|Figure 5. Atraumatic extraction of lateral and central incisors.||Figure 6. Examination of extraction sites to ascertain the remaining walls of bone.|
|Figure 7. Provisional restorations seated.|
Prior to atraumatic extraction of the maxillary anterior lateral and central incisors, laboratory-processed temporary prostheses were fabricated (Biotemps, Glidewell Laboratories) (Figure 3). The central and lateral incisor pontic areas were created in an ovate shape to support the papillae and form the adjacent tissue for aesthetics and hygiene1 (Figure 4). Treatment sequence began with atraumatic extraction of the central and lateral incisors (Figure 5). Forcep rotation and the use of Periotomes best allow for predictable atraumatic extraction.2 The next step after tooth extraction was examining the socket site for the remaining walls of bone (Figure 6). Maintaining the buccal wall of bone is imperative for preserving soft tissue aesthetics and determines whether a membrane is needed to maintain any graft material. Once it was determined that the buccal walls of bone were preserved, the laboratory-processed provisionals were seated and the ovate pontic form was checked for tissue fit (Figure 7).
|Figure 8. Cleaning and decortication of extraction sites.||Figure 9. DFDBA grafting material.|
|Figure 10. DFDBA combined with xenograft material.|
The extraction sites were debrided of granulation tissue and then decorticated with a large round bur by using sterile saline irrigation. Decortication allows the blood supply in the surrounding bone to produce osteoprogenitor cells that aid in hard tissue formation3 (Figure 8). The decorticated and degranulated extraction sites were then ready to receive graft material. DFDBA putty (Grafton, Osteotech, Inc) and xenograft (Osteograph N 300, DENTSPLY Ceramed) were chosen as the graft materials (Figures 9 and 10). The DFDBA putty offers the graft site osteoinductivity, ease of handling, and an excellent carrier for the xenograft material.4 Another advantage of DFDBA putty is the ability to form ovate pontic shape with minimal resistance. The xenograft material offers the graft site radiopacity and increased mineralization for a pontic area.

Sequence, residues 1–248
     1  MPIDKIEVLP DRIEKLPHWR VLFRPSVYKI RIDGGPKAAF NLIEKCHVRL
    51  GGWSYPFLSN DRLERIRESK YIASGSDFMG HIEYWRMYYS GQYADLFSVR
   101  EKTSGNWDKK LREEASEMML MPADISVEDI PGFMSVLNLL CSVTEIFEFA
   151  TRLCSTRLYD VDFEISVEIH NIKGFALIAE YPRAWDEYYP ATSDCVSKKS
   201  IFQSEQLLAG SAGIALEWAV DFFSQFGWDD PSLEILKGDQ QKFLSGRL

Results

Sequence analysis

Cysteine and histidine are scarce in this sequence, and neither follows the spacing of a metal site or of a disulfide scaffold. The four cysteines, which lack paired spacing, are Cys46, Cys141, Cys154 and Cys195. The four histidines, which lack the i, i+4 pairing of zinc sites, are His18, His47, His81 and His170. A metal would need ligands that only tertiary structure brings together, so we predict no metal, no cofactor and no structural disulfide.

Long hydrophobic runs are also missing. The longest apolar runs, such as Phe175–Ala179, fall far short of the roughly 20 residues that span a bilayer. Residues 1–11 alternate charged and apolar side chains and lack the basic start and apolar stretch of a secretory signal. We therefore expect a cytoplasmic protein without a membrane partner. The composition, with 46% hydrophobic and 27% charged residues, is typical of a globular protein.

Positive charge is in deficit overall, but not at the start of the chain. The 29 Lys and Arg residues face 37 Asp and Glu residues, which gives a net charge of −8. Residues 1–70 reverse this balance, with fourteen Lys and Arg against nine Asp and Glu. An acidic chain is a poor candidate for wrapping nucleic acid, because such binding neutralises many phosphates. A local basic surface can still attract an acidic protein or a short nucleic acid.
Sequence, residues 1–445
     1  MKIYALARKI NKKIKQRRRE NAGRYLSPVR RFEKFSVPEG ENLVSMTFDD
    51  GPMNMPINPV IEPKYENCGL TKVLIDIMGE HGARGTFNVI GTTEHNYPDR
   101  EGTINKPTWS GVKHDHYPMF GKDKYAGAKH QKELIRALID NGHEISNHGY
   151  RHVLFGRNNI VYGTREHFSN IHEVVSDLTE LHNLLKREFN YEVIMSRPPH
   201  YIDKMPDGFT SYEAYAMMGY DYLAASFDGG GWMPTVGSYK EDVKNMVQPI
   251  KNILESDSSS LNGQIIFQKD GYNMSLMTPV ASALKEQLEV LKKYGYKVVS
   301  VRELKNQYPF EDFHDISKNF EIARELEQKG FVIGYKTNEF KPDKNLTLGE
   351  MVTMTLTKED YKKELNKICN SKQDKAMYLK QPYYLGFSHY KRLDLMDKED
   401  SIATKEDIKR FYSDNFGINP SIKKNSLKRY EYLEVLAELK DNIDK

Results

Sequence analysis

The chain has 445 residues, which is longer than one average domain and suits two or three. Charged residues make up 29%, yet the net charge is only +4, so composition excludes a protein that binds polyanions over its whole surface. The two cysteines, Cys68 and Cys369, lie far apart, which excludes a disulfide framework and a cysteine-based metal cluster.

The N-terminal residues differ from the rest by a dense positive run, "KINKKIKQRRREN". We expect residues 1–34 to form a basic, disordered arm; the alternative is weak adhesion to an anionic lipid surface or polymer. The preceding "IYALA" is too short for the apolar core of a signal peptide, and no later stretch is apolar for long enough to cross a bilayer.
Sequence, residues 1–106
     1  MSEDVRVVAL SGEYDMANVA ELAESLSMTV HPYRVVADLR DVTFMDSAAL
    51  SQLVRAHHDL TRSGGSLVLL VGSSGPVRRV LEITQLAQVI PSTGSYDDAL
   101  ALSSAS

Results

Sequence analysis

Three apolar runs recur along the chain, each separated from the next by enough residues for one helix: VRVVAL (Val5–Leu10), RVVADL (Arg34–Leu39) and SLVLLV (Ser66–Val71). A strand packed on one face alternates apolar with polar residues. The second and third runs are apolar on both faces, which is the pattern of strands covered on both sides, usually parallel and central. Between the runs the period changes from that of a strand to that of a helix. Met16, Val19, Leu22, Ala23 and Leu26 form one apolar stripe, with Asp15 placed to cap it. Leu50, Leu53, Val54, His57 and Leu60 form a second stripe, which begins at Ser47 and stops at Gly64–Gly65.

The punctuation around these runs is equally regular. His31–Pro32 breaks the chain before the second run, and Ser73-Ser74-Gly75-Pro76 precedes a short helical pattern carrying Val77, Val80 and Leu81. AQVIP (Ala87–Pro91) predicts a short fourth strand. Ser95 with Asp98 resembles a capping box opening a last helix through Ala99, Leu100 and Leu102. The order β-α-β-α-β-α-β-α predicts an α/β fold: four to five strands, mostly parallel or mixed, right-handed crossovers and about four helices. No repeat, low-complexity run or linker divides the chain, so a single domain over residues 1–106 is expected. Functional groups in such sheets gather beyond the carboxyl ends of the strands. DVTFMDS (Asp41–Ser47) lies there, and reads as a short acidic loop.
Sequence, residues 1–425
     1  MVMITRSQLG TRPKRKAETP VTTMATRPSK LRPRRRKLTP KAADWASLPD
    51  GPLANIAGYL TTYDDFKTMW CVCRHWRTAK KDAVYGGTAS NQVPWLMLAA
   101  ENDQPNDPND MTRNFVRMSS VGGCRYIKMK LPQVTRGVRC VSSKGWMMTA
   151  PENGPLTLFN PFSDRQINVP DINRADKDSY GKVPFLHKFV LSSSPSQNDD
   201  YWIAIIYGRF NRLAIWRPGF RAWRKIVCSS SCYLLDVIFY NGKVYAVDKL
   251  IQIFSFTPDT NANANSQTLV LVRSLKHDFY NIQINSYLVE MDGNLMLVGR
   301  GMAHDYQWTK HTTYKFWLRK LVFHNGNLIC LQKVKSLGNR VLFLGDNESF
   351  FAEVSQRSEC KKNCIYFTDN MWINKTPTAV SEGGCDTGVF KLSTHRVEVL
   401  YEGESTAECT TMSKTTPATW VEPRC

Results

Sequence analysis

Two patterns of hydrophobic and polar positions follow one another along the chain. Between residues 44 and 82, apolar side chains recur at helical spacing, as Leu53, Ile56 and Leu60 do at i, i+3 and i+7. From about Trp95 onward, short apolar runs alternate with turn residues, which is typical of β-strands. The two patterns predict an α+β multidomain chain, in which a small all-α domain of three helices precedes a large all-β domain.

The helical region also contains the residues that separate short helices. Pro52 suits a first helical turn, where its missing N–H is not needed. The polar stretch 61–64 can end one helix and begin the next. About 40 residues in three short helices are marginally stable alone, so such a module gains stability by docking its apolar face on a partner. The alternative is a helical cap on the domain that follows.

|Figure 11. DFDBA xenograft and PRP combined.||Figure 12. Placement of DFDBA xenograft and PRP.|
|Figure 13. Maxillary tuberosity connective tissue donor site.||Figure 14. Coverage of graft with connective tissue.|
|Figure 15. Collagen membrane with PRP covering connective tissue.||Figure 16. Provisional prosthesis cemented after surgery.|